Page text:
Aging and Cancer

Approved by the Cancer.Net Editorial Board, 09/2016

Age is the greatest risk factor for developing cancer. In fact, 60% of people who have cancer are 65 or older. So are 60% of cancer survivors. If you are an older adult with cancer, you are not alone. But you should know that age is just one factor in your cancer and treatment.

The best treatment plan for you depends on your general health, lifestyle, wishes, and other factors. The information on these pages can help you learn your options, cope with concerns, and plan for treatment and recovery.

How being older can affect cancer treatment

Knowing how cancer and treatment might affect you as an older adult is important. You can plan to get help during treatment. If you are concerned about practical issues, such as getting to treatment or paying for it, tell your health care team. They can help you identify potential means of support.

The list below gives tips on planning for some common situations you might face as an older adult.

  • You have another disease or disability – Talk with your doctor about your medications and treatment plan for all your conditions. Make sure your cancer doctor talks with your other doctors. It is important for your entire health care team to know your situation.

  • You worry about getting to treatment and appointments -- Talk with family members and your health care team about options. Many cities have special bus services for people with health concerns. Other options include private medical transportation, rides from friends and family, and more. A social worker on your cancer care team can help you learn about your options.

  • You need help with daily activities – such as shopping, getting dressed, or taking care of your family. Options include getting help from friends or family members, hiring someone to help, or finding help through a nonprofit organization, senior center, or your spiritual community.

  • You need help with meals – Good nutrition is an important part of cancer treatment. During treatment, older adults are especially likely to lose weight without trying. This can put you at risk of other health issues. Options include having friends or family bring food, stocking the pantry with foods that taste good to you, and ordering meals from a service, if your budget allows.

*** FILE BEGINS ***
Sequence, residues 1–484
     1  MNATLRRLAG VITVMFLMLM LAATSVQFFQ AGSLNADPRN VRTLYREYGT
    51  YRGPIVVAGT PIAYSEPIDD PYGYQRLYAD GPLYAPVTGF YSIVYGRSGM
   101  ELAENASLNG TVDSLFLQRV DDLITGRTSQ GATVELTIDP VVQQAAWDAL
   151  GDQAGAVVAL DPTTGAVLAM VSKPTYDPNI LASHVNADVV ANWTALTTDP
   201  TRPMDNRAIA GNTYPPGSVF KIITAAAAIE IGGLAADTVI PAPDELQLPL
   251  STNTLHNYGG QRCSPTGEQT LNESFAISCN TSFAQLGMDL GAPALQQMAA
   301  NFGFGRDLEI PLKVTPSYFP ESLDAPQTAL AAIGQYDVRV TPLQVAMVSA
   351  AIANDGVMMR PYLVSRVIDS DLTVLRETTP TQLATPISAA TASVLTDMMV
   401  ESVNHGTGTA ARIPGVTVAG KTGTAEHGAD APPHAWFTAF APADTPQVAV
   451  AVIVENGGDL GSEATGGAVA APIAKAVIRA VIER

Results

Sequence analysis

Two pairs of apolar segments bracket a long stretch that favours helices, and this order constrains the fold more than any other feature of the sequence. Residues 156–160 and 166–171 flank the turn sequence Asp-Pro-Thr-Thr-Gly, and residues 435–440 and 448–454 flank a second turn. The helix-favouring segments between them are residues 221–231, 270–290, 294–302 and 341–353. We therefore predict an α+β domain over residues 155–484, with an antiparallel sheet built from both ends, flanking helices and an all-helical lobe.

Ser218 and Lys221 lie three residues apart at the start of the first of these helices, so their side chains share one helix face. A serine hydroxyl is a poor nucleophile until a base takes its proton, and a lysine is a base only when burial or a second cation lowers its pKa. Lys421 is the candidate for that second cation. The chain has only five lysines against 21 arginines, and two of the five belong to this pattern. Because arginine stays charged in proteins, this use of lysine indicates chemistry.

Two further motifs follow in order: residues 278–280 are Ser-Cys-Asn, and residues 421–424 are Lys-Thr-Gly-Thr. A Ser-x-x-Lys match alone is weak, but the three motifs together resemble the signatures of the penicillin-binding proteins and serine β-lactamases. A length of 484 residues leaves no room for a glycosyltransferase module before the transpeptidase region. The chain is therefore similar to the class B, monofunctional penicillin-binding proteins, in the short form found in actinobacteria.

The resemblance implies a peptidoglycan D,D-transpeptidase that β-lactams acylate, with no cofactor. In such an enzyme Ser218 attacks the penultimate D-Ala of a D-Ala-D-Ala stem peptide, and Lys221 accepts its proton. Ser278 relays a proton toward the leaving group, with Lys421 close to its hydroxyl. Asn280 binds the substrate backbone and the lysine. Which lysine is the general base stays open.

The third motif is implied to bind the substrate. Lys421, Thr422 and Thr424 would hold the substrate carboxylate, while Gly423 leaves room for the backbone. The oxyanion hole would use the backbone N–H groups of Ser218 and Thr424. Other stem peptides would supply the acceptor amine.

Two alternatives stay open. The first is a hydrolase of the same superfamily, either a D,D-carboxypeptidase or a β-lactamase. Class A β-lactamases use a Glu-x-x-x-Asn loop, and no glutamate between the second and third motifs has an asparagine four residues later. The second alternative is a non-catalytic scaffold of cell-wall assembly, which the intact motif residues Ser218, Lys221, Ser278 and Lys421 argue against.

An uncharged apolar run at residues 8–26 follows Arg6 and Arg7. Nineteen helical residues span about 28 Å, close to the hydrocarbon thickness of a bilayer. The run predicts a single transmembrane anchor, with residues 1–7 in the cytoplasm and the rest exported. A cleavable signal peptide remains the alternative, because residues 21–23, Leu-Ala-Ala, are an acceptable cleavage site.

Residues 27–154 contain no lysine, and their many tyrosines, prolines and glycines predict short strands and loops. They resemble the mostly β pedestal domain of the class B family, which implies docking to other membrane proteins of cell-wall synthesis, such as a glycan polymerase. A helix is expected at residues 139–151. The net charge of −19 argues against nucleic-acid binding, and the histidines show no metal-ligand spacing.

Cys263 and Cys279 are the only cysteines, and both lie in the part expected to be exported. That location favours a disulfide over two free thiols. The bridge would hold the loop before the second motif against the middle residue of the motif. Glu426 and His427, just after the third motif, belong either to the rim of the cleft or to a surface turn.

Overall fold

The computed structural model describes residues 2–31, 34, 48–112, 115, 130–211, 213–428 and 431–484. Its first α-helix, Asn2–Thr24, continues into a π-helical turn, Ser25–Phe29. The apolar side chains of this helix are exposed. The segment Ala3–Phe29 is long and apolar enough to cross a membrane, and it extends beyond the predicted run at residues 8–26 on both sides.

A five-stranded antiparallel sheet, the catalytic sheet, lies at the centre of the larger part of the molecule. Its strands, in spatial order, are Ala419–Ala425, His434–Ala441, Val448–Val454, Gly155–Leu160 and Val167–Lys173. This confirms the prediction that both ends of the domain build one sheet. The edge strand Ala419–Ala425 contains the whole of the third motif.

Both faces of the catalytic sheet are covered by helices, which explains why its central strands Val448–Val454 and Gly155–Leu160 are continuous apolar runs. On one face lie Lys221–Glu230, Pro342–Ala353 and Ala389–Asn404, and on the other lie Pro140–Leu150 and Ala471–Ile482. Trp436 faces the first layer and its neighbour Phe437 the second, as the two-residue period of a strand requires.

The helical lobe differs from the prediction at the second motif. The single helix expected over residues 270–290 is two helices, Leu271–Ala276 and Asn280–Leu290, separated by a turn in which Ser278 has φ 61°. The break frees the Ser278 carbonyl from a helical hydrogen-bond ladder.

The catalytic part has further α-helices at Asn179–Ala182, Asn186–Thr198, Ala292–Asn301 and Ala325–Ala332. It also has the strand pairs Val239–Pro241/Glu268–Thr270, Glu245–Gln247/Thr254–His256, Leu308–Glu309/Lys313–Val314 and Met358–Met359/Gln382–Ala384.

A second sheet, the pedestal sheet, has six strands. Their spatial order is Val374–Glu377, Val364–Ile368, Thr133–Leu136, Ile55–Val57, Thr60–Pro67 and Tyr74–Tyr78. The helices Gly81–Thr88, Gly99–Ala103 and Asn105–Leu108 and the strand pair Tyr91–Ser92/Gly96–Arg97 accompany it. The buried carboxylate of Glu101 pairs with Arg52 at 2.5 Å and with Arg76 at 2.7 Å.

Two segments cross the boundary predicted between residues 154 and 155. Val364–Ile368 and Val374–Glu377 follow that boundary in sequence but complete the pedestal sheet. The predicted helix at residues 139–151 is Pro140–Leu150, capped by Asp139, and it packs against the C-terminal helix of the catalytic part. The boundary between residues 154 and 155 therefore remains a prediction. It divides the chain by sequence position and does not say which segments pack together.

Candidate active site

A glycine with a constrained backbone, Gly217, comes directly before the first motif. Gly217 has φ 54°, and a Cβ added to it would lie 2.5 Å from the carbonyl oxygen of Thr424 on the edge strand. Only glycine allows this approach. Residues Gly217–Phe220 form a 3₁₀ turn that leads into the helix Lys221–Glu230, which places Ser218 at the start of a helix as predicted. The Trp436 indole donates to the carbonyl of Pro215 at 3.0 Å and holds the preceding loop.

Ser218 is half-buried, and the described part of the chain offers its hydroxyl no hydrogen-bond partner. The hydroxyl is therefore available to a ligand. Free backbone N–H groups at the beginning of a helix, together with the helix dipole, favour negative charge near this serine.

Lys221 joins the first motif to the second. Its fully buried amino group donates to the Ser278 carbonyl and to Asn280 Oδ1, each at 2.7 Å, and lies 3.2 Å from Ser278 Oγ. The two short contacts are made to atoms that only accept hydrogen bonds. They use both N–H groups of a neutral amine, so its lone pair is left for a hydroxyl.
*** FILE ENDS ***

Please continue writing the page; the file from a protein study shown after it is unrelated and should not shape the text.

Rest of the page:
Free websites such as CaringBridge, Take Them a Meal, and CareCalendar let you share your needs. Friends and family can use the website to sign up to help. Learn about other online communities that provide support.

If you have specific health conditions

Certain serious health conditions are more common in adults over 65. These include:

  • High blood pressure

  • Heart disease

  • Lung disease

  • Diabetes

  • Kidney disease

  • Arthritis

Your doctor may call these co-existing conditions when you have them at the same time you have cancer. Also, doctors call conditions that last longer than a few days or weeks chronic conditions. Learn how chronic conditions can affect cancer and treatment in older adults.

How a health assessment can help

A health assessment is a complete check of your overall health. This can be a good idea before you start treatment. Knowing as much as possible about your health helps your doctor make sure the treatment plan is as safe and successful as possible.

A health assessment often includes checking the following items.

  • Your physical health – Your doctor can do a complete physical examination, including checking on any chronic conditions and working with your other doctors who manage these conditions.

  • How independent you are – For example, what activities you can do on your own, and what you might need help with. This can include checking your balance, walking speed, strength, thinking, and memory.

  • Vision and hearing

  • Medications

  • Any falls you may have had

  • Eating habits and weight

  • Emotional health

  • Bladder and bowel control

Your doctor will also talk with you about your care and support during cancer and treatment.

Learning about all your treatment options

Before you decide on cancer treatment, make sure you know all your options. Studies show doctors do not always offer older adults every treatment available. This can be from concern about side effects, thinking you want less treatment because of your age, or other reasons. Therefore, older adults might receive less treatment than younger people. This might mean: